Feasting on black money

T. N. PANDEY | Updated on March 12, 2018

The I-T authorities are empowered to collect evidence about ostentatious expenditure incurred immediately after a function and to record the statement of the assessee or any other person.

Significant amounts of black money are being spent year-after-year without any tax accountability in social and other functions like marriages, birthdays, anniversaries of different events, inaugurations, receptions and other such occasions. Most expenses for such purposes are from unaccounted money.

The Income Tax Department is almost turning a blind eye to such everyday happenings, involving huge expenditure, even though the I-T Act contains a provision for collecting information regarding such events. Public memory is said to be short, but not so short, as to forget events done on grand scales for the marriage of a politician's foster son in Chennai, booking of Wankhede stadium at Mumbai for marriage of a politician's son, making a part of Lucknow a fairly land and lavish expenditure on the occasion of marriages of two sons of a prominent businessman and a recently solemnised marriage in Haryana. It is in no way suggested that unaccounted money has been used in such functions and ceremonies but the stupendousness with which the functions were organised and grandeur with which the ceremonies were conducted needed to arouse the I-T Department's attention to find out whether money spent on such grand scales is duly accounted for in income-tax assessments.

Making enquiries

I-T Act, 1961 has a provision – s.133A (5) – for making enquiries on such occasions. According to this section, the I-T authorities are empowered to collect information and evidence, etc., about ostentatious expenditure incurred immediately after the function/event for verification and record statement of the assessee or any other person for use as evidence at the time of assessment. But, this provision is almost a dead letter in the I-T Act.

Though much concern is being expressed by the Government and others for checking generation, proliferation and use of black money, no efforts have been made to invoke this provision in the context of black money used on a large scale, which is an open secret. Actually, the Govt. has accepted its failure in not being able to use this provision effectively in a press release dated June 3, 1989, which reads as under:-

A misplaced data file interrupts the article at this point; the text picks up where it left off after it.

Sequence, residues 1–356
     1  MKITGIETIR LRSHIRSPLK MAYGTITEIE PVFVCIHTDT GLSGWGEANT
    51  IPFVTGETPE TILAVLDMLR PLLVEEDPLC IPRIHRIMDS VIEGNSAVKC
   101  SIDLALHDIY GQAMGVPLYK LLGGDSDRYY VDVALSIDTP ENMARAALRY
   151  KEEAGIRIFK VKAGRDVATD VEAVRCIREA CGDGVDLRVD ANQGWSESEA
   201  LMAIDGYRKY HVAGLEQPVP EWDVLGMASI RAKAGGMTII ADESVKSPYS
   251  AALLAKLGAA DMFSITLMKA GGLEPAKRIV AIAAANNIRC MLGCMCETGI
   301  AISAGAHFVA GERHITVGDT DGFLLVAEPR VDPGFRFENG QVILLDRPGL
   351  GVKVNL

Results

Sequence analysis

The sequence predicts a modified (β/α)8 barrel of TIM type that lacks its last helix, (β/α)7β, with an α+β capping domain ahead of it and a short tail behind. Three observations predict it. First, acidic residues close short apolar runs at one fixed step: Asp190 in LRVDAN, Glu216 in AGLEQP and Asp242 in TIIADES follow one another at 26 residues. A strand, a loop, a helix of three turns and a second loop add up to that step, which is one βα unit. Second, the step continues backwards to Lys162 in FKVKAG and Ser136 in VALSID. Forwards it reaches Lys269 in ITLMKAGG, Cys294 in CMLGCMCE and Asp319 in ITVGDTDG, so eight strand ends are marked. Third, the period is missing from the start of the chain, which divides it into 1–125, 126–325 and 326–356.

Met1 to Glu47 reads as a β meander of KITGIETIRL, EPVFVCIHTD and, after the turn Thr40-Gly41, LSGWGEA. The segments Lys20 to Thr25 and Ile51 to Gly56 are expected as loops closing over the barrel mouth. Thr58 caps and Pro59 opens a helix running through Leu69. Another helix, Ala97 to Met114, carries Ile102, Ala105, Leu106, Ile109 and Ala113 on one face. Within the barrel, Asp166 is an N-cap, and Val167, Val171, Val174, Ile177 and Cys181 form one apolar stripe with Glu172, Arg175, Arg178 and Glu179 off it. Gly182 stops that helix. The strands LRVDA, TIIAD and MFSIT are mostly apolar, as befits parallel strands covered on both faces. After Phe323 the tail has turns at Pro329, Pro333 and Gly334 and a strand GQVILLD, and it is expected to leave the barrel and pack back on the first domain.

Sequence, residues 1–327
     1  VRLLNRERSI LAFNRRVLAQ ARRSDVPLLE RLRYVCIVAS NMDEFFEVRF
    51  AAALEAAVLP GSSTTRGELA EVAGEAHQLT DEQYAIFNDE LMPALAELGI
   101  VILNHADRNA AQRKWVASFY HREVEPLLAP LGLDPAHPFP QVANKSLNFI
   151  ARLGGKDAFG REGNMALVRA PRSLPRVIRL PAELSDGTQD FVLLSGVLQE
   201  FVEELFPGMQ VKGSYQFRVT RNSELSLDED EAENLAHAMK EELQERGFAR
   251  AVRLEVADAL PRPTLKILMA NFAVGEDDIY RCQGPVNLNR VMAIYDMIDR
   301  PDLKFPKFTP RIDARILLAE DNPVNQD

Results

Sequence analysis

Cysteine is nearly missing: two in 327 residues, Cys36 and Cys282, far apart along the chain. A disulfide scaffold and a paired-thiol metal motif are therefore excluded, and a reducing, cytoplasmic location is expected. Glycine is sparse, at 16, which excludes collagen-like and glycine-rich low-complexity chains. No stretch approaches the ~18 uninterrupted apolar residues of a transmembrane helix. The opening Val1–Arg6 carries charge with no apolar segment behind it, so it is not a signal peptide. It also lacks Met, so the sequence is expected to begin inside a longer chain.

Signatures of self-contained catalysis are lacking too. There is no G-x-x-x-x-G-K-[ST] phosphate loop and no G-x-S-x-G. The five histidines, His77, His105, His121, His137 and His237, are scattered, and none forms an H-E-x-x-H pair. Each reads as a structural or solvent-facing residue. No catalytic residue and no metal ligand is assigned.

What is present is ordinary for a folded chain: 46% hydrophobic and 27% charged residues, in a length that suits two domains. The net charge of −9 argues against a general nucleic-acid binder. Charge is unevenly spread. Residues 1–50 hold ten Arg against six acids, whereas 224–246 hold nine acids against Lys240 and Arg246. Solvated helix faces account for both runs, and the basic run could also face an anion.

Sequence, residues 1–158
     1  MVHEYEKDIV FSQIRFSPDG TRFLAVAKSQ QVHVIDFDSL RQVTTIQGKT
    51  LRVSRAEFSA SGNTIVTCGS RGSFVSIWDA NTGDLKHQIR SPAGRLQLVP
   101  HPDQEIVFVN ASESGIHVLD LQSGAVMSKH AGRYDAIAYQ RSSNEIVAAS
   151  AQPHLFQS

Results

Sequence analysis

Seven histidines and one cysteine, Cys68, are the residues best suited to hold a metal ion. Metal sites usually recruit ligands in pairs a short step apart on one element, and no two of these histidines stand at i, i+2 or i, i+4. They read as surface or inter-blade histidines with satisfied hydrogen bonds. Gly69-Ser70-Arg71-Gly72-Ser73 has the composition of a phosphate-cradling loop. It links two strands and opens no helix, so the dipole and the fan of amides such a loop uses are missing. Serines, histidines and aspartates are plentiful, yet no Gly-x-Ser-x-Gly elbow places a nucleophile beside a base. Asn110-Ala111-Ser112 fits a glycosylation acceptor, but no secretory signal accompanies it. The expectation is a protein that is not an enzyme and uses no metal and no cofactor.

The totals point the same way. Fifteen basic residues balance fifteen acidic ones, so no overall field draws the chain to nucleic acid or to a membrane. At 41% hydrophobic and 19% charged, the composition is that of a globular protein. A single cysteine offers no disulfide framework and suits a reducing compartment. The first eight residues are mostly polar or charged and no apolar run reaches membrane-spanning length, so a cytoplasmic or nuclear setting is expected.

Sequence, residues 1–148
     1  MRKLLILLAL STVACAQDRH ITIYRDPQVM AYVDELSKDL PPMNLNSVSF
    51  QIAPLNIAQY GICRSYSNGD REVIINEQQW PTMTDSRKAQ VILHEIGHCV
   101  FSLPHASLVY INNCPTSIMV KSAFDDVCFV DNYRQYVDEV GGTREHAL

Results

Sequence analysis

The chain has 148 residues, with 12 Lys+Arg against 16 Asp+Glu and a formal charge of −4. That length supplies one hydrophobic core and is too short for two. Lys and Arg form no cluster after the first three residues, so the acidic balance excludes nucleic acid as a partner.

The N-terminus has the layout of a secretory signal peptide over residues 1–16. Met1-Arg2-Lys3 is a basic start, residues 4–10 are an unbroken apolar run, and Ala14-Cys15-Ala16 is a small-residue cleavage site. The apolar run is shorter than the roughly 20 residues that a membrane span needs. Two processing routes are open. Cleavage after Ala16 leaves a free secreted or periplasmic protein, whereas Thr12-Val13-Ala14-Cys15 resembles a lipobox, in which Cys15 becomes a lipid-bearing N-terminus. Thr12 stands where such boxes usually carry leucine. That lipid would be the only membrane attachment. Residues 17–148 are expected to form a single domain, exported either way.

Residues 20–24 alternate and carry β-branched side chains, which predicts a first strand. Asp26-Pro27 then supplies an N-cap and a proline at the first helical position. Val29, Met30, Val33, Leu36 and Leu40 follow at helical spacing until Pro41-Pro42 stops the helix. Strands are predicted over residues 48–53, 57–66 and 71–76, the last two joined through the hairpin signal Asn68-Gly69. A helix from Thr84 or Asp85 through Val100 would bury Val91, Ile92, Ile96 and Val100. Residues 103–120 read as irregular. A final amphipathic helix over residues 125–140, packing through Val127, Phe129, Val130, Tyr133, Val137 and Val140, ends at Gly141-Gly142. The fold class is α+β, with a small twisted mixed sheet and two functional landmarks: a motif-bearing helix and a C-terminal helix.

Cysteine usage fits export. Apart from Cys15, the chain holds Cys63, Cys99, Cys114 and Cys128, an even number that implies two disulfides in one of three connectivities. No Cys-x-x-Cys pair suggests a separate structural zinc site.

“Section 133A of the Act authorizes Income Tax Officers to make surveys of marriage ceremonies and other ostentatious social functions and to detect use of unaccounted money. So far, this provision has not been sufficiently used to make a visible impact on the curbing of wasteful expenditure”.

The position has not improved since then. The CAG has also, in one of its reports on the audit of the I-T Department's functioning, has expressed concern over non-use of this provision for checking and controlling black money.

Surveying social functions

No inconvenience is likely to be caused to the organisers of the functions and invitees there in as the enquiries are to be made after the function is over and guests have departed. Usually, heavy expenditure on such occasions is explained from the receipt of cash gifts (chandala) on such functions in small denominations of Rs 1,000, 2,000, 5,000, etc., from a number of persons, who are said to have come to the marriage. Whether such money has been received or not will get checked in the survey after the event. The position regarding other gifts, etc., will also be known.

The Government's reluctance to use this provision effectively is quite un-understandable. While there is so much hue and cry regarding prevalence of black money and its pernicious effects all around, there should be great enthusiasm to tap all ways and means to eradicate the menace of black money.

Hence, provisions like s.133A (5) of the I-T Act need to be used vigorously to create an impact and improve tax collections in the country.

(The author is a former chairman of CBDT.)

Published on November 13, 2011

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